Professor Ellis has recently been awarded a prestigious NSF CAREER award, supporting research on freeform optics metrology. This award, CAREER: Breaking the Freeform Optics Metrology Barrier with Synthetic Wavelength Interferometry, supports $500k in research over 5 years. More information on this award can be found here.
Two PhD students, Kaitlin Wozniak (Optics) and Michael Echter ( Mechanical Engineering), have successfully defended their PhD proposals, outlining the scopes of their respective research to finalize their degrees. Kaitlin’s proposed work is on Properties and Safety of Femtosecond Photo-modification in Hydrogel and Cornea as part of the IRIS: Intra-tissue Refractive Index Shaping program at the University of Rochester. Mike’s work is on Composite Laminate Characterization and Piezoelectric Actuator Testing for
the Design of a Precision, Adaptive, High-Strain Composite Hinge, working with the MIT Lincoln Laboratory. Congratulations to both!
Papers by Chen Wang and Bill Green have appeared in their final form online. Chen’s paper, Data Age Error Compensation for Nonconstant Velocity Metrology, was recently accepted in IEEE Transactions on Instrumentation and Measurement. Bill’s paper, with a PhD student James Corsetti from Optics, was recently accepted and published by Applied Optics. This paper is on Simultaneous interferometric measurement of linear coefficient of thermal expansion and temperature-dependent refractive index coefficient of optical materials. Links to both papers can be found on the publications page. Nice job and congratulations!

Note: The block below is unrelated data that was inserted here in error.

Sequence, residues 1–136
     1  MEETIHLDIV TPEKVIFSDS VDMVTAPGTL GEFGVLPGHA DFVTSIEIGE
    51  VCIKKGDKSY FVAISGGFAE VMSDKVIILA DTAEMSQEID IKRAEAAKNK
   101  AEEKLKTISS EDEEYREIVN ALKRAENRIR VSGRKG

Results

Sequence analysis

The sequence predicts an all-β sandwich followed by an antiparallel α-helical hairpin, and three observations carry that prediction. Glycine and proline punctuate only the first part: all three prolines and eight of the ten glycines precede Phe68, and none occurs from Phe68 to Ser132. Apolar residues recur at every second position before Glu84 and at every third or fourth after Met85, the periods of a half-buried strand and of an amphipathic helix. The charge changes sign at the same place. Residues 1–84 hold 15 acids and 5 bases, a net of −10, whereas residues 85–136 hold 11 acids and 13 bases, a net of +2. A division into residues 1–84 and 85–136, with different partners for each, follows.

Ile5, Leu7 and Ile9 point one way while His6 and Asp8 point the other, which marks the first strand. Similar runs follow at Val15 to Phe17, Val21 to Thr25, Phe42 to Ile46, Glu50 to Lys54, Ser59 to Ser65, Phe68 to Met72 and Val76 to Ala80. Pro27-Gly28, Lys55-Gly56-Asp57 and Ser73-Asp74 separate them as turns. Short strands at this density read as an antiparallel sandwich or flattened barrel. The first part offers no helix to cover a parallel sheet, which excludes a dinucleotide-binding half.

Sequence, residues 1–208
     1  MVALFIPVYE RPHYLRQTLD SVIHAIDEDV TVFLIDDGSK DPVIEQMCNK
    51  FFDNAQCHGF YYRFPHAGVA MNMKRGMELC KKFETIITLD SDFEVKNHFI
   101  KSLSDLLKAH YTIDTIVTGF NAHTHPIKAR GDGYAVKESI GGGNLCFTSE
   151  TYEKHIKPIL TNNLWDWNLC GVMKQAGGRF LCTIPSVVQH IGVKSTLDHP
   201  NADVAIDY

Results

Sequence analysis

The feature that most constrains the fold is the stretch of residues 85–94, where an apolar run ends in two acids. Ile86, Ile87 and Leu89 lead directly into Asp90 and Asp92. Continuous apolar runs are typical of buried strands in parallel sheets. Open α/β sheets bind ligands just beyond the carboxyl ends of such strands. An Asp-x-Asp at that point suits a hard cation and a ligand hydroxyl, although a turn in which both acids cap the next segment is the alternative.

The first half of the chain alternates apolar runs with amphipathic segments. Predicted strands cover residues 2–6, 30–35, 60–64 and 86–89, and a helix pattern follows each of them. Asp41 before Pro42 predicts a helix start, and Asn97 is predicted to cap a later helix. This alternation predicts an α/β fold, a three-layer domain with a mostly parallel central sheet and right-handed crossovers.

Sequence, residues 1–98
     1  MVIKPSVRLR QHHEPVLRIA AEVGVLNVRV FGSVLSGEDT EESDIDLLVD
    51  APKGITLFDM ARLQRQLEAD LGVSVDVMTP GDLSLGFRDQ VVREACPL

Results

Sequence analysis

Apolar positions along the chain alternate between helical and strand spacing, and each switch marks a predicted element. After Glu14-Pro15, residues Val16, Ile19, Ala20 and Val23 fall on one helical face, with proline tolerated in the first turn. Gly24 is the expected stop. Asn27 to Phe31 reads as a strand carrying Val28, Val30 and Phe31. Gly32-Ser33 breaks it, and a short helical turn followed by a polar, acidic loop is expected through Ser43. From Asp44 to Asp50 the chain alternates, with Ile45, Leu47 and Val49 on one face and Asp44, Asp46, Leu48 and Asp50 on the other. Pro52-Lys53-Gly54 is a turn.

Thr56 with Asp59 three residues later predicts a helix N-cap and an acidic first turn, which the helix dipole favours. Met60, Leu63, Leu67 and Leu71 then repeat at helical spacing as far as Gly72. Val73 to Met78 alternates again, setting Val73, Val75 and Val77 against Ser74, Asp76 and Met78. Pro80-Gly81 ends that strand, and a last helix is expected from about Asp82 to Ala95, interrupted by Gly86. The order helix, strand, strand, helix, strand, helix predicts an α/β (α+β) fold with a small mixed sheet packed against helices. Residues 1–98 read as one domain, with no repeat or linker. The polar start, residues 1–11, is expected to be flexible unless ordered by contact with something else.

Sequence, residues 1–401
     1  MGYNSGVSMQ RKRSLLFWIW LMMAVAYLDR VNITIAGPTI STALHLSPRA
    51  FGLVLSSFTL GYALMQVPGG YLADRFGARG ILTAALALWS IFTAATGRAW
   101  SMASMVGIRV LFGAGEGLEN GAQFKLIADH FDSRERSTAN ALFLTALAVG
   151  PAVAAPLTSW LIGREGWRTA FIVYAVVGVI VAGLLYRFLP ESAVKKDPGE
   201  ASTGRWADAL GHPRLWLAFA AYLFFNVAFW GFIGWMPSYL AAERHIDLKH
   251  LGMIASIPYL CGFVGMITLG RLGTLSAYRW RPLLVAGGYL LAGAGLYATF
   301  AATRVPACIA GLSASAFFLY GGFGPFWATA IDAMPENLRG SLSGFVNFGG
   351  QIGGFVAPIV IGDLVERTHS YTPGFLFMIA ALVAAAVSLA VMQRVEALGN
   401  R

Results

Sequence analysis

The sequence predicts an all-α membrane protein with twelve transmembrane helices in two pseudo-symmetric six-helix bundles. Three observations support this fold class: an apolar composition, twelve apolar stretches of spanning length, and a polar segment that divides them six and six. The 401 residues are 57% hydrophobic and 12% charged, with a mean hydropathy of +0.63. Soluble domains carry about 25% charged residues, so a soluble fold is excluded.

Bill Green, Mechanical Engineering Undergraduate Student, has had a paper accepted as a co-author by Optical Engineering. This is Bill’s first time co-authoring a paper. Additionally, Bill will be presenting his work on thermal expansion and dn/dT metrology at the upcoming ASPE Annual Meeting in Portland, OR. When the final version is published and online, we’ll be sure to update.
Xiangzhi Yu and Chen Wang both have had first author publications accepted recently. Chen’s paper is Data age error compensation for non-constant velocity metrology, which advances his previous work on data age error to arbitrary orders. This paper has been accepted into IEEE Transactions on Instrumentation and Measurement. More details will be posted when available.